1. Merilee Lane
      Yes to what you have said! The pain we feel takes us back to the first pain we learned how to heal from! I am still bringing my tools to the front of my brain in my attempts to build a better marriage and help me cope with my mother!! Ladies like you give me hope!

    2. Merilee,
      That's exactly what we do. We go back and quickly address those old wounds before they start running the show. I sometimes think it's like someone with an old injury who can predict the weather because they get that old ache. We can become aware of that ache...and know exactly what it is.
      So glad this post struck home.

  6. Ladies you have no idea how good I finally feel about myself after finding this site!! You all inspire me and make me realize it's not him. I first started commenting under anonymous.married 38 year, 60 years old, husband long term affairs, tells them he is leaving me for them...never does ).
    I may be getting the strength I need to say bye bye even if it means he gets some of my hard earned money...thank you ladies.

    1. Maybe that hard-earned money will buy you the freedom to live the rest of your life from beneath this dark cloud. That's money well-spent, if you ask me!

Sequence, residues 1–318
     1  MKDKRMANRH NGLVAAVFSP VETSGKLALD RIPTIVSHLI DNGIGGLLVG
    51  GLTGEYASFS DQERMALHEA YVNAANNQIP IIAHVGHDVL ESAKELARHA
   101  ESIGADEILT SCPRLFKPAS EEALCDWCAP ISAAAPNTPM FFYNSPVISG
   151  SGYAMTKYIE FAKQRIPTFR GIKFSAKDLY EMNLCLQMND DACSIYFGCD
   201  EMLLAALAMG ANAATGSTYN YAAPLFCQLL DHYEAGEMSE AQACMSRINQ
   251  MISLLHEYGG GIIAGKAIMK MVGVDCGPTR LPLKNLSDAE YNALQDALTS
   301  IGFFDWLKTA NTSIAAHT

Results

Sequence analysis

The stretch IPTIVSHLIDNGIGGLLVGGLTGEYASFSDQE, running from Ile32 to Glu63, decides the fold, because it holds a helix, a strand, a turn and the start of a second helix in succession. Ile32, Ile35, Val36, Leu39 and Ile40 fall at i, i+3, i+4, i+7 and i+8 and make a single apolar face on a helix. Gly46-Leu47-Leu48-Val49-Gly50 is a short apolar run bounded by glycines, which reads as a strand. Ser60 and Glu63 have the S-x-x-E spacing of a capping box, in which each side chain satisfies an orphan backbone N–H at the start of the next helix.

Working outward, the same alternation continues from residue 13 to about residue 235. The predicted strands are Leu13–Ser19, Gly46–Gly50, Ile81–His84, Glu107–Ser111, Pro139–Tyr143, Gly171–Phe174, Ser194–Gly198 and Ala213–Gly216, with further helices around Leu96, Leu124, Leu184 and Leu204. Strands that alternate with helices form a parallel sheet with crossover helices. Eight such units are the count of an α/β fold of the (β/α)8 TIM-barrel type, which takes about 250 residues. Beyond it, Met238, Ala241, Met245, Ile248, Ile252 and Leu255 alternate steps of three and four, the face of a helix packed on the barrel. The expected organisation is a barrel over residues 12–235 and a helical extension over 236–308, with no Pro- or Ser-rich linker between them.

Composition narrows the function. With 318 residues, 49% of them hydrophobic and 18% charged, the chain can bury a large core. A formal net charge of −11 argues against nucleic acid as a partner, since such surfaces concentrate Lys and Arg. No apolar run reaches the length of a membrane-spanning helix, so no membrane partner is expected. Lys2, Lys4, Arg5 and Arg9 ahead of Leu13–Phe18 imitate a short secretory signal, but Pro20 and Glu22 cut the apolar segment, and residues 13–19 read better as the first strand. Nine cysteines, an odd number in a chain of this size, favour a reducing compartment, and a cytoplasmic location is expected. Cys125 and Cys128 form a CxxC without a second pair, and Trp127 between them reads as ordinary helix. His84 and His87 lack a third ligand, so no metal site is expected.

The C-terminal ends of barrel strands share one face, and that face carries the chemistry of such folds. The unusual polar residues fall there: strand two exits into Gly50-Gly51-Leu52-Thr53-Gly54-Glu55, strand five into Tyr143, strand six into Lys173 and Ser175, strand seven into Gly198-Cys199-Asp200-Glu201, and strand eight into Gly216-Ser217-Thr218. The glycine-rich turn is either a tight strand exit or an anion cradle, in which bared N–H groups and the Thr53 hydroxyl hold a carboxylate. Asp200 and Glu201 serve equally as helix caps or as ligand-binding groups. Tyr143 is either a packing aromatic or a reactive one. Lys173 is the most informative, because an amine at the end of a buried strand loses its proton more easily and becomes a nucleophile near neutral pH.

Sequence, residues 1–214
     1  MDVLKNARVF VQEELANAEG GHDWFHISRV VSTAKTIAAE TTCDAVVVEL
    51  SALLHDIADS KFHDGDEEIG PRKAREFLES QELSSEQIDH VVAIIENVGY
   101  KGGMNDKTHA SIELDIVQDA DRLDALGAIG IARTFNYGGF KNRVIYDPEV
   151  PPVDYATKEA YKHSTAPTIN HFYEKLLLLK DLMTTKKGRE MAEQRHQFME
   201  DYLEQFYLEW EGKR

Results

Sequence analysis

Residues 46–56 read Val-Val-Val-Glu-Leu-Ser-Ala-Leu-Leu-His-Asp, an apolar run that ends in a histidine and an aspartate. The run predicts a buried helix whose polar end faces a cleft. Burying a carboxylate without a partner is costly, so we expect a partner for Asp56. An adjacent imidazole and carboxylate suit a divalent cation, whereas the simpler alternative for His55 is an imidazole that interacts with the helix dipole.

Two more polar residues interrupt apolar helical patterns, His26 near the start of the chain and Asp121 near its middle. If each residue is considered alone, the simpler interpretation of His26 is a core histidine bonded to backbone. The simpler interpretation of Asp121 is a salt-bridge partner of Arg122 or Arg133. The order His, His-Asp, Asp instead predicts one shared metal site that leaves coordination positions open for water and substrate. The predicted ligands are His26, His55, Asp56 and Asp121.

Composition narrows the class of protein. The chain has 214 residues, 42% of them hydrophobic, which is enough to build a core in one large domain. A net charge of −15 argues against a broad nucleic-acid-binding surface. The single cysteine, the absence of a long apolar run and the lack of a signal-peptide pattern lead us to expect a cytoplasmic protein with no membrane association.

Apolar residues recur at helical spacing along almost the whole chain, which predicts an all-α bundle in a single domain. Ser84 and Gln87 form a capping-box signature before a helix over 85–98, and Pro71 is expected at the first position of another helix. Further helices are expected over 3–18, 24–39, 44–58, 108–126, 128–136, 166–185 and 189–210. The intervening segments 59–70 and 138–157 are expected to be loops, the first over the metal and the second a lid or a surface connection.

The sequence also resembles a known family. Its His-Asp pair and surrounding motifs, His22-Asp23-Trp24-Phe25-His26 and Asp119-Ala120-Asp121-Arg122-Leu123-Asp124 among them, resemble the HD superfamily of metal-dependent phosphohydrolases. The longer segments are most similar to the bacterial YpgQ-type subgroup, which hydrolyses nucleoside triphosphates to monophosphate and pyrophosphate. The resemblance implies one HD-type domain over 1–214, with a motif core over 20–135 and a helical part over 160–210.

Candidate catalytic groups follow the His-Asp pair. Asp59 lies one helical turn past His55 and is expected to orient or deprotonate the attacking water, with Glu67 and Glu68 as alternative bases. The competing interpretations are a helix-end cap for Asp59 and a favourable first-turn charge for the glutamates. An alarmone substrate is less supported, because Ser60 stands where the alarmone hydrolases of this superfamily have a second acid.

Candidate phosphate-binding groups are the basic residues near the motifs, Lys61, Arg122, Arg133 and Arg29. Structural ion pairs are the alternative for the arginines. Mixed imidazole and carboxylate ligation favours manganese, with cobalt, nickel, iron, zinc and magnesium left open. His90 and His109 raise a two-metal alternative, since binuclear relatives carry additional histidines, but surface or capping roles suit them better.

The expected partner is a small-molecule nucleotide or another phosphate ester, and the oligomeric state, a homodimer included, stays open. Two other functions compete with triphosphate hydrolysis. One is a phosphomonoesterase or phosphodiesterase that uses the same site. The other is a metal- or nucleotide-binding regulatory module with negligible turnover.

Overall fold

7. Humiliation. When i was somewhere between 4-6 i was incredibly excited about something, possibly a dog or a kitten or something, and i was so excited i ran out of our house in just some sort of t-shirt and my underpants. When i realized it, and ran back into the house my mom was laughing. I am sure if my mom and i had a better relationship I would have laughed too, but I was just MORTIFIED. That was my first taste of humiliation. I can't watch movies where people are being humiliated and can name four right off the top of my head that few people would identify as humiliation --things that don't register as humiliation with others scream at me. I was HUMILIATED that I had been lied to, that someone might have seen him, that someone else might know--even though I knew in my brain +I+ had nothing to be humiliated about, you couldn't tell me that. The heart and the brain have done a lot of battles over here.

    1. Steam,

      Reading this brought tears to my eyes. I'm so sorry you carry this pain in your heart. Sending love and prayers that you can someday let it all go and be free. xoxo

    2. Yeah, hearts and brains don't always view the world from the same vantage point.
      And humiliation is about shame. And shame runs so incredibly deep. It's about our sense of worth.